JOURNAL ARTICLE
REVIEW

Ixekizumab: a new anti-IL-17A monoclonal antibody therapy for moderate-to severe plaque psoriasis

Andrew Blauvelt
Expert Opinion on Biological Therapy 2016, 16 (2): 255-63
26666707

INTRODUCTION: Psoriasis is a common, systemic, inflammatory disease with prominent skin and joint manifestations. Interleukin 17A (IL-17A) has been identified as a key effector cytokine that mediates immunopathogenesis of psoriasis. Ixekizumab, a humanized monoclonal antibody that targets IL-17A, has been found in clinical trials to dramatically reduce signs and symptoms of moderate-to-severe plaque psoriasis.

AREAS COVERED: The following areas are discussed: the basic structure and function of IL-17A, its role in the pathogenesis of psoriasis, the safety and efficacy of ixekizumab in clinical trials reported to date, and the possible impact of ixekizumab on the future therapeutic market for psoriasis.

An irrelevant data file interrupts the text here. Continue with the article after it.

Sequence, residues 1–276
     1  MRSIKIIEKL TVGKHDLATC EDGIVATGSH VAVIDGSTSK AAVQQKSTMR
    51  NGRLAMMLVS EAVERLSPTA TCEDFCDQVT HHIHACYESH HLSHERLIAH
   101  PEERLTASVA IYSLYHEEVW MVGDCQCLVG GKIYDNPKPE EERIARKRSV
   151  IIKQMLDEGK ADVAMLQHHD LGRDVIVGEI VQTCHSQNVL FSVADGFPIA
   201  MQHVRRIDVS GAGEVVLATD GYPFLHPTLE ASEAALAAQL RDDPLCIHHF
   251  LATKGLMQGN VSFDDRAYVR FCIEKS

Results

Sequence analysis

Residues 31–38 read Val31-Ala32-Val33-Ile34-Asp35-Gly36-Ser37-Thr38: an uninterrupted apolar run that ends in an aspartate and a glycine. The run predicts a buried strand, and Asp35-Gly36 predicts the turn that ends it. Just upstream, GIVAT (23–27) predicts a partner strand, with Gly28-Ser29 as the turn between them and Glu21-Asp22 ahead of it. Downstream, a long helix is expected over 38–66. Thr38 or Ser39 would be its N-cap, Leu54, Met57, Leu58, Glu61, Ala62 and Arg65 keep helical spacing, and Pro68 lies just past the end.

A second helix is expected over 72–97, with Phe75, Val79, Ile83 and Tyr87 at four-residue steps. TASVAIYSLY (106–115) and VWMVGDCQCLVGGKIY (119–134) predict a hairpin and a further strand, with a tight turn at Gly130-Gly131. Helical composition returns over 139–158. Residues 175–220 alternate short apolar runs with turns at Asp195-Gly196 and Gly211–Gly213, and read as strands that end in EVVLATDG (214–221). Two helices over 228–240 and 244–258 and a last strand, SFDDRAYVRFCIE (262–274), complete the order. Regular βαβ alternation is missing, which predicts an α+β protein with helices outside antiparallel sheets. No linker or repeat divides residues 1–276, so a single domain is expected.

EXPERT OPINION: A large proportion of patients with psoriasis achieve clear or near clear skin during treatment with ixekizumab in a rapid and sustained manner. This supports the idea that IL-17A plays a central role in psoriasis immunopathogenesis. While ixekizumab has been shown to be safe in trials up to 60 weeks, long-term safety data are not yet available. Because its efficacy is higher than all previously approved drugs for psoriasis thus far, approval and use of ixekizumab may lead to a treatment paradigm change for psoriasis, where clear or near clear skin becomes an acceptable and achievable treatment goal.

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